G20 leaders have agreed to boost their economies by a collective 2.1 percent by 2018 and said they will establish a global infrastructure hub to help reignite patchy world growth.
Citing risks to growth from financial markets and geopolitical tensions, the leaders said the development of the global economy is constrained by a lack of demand, according to a communique they issued after a two-day summit in Brisbane, Australia.
The leaders also supported decisive action to solve the problem of climate change, even after host Australian Prime Minister Tony Abbott sought to keep the meeting’s focus on growth and job creation.
“The global recovery is slow, uneven and not delivering the jobs needed,” the leaders said in the communique.
“We commit to work in partnership to lift growth, boost economic resilience and strengthen global institutions,” the communique said.
Collective action to boost growth comes as policies around the world are diverging, with the US tapering its monetary easing, while Europe and Japan add further stimulus to ward off deflation. The IMF last month cut its projection for world economic growth next year to 3.8 percent.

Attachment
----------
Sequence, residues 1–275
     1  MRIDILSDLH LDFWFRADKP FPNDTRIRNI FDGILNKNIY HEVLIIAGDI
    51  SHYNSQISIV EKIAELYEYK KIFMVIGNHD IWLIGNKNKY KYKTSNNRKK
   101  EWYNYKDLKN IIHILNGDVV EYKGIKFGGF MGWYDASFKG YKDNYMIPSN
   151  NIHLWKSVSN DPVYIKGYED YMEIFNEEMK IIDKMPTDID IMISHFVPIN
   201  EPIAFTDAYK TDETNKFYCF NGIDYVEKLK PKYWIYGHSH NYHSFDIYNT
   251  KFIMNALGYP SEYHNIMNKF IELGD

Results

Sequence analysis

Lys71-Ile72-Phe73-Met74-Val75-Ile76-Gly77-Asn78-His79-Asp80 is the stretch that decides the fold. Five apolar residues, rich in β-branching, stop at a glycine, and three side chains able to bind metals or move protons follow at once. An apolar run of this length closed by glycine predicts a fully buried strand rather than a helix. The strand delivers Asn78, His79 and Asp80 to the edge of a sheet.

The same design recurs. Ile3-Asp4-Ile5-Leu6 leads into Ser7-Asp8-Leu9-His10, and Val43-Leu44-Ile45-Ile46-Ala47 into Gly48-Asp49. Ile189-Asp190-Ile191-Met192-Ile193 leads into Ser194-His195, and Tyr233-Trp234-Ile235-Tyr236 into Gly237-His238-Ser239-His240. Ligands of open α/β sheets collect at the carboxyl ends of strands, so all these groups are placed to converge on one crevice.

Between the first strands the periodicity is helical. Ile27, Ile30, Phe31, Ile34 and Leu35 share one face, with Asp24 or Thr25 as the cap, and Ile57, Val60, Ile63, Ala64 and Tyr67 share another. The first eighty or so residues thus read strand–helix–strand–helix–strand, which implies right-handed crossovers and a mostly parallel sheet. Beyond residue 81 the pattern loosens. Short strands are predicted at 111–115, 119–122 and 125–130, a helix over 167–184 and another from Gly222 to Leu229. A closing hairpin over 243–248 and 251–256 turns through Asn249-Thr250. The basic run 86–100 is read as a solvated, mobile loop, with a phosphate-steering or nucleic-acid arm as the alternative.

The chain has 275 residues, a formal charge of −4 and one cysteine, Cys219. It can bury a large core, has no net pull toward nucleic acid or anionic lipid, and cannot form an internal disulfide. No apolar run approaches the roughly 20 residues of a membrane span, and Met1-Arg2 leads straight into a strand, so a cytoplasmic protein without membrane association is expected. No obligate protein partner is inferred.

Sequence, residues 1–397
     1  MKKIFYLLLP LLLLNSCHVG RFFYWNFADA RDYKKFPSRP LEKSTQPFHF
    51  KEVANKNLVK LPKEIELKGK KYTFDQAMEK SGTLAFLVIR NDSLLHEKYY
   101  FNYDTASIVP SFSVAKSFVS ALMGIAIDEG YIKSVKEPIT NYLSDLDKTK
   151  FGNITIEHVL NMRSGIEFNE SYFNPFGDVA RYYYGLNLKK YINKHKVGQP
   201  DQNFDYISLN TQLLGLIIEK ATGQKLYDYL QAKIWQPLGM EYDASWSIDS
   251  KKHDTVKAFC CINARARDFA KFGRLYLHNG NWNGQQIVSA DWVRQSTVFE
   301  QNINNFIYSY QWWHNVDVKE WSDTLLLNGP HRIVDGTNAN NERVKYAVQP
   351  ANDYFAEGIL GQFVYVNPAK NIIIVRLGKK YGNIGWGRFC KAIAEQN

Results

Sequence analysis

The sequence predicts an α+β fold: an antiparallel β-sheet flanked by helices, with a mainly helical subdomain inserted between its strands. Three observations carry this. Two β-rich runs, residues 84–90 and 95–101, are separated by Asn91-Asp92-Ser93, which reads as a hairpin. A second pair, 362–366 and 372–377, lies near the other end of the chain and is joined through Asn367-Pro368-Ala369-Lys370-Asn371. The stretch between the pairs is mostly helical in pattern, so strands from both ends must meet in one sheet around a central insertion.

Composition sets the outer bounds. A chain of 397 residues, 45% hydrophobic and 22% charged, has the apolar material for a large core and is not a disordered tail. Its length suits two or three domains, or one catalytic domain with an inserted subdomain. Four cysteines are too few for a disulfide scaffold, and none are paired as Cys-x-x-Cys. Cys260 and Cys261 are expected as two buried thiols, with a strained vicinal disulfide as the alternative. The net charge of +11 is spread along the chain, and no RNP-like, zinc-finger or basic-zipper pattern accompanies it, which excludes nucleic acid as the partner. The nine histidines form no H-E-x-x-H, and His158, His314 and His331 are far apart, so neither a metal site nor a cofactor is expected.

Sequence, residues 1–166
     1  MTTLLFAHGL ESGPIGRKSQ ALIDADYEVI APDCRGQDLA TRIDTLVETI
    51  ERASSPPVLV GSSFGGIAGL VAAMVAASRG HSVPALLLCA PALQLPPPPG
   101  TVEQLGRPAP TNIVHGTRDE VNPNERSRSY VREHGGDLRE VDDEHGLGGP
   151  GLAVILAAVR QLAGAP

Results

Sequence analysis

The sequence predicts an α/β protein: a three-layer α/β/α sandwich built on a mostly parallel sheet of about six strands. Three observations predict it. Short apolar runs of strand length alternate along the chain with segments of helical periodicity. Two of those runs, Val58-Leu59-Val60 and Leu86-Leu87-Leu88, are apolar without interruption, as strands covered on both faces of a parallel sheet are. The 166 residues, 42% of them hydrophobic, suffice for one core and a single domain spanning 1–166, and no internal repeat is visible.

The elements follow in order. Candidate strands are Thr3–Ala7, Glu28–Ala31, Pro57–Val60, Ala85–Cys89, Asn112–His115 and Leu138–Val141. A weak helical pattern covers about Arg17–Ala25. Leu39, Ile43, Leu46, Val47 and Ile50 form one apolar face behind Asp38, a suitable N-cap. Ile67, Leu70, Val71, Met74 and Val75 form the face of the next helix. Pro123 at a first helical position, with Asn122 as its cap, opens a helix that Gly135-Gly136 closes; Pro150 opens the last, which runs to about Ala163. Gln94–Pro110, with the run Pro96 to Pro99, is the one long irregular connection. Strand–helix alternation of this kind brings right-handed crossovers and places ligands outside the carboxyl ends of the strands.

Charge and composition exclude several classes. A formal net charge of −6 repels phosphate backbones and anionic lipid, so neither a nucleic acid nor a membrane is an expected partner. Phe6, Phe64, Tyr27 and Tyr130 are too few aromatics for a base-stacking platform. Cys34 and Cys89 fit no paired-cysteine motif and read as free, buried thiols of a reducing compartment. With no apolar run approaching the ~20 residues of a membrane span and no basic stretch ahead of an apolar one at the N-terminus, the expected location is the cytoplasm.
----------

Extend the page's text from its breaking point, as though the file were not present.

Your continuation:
“Our monetary authorities have committed to support the recovery and address deflationary pressures when needed,” the G20 leaders said. “We will be mindful of the global impacts of our policies and cooperate to manage spillovers. We stand ready to use all policy levers to underpin confidence and the recovery.”
The group’s strategies to boost growth include measures to encourage trade by lowering costs, streamlining customs and reducing regulation, according to the communique.
“Lifting growth is hard and targeting specific numbers is even harder,” Richard Holden, a professor of economics at the University of New South Wales’ Business School, said ahead of the communique.
“More free-trade agreements and continued lowering of trade barriers is [are] both tangible and very important,” Holden said.
The G20 agreed to establish a global infrastructure hub based in Sydney with a mandate of four years that would encourage the exchange of information among governments, the private sector, development banks and other international organizations, according to the communique.
IMF reform to give emerging economies more equal representation remains a priority and leaders are “deeply disappointed” with delays in implementing changes agreed in 2010, according to the communique.
The group urged the US to ratify the changes and said that if that does not happen by the end of the year, it would ask the fund to provide other options, according to the communique.
Leaders of the BRICS nations — Brazil, Russia, India, China and South Africa — on Saturday said delays in the IMF reform are “unjustifiable” and urged the G20 to consider alternatives.
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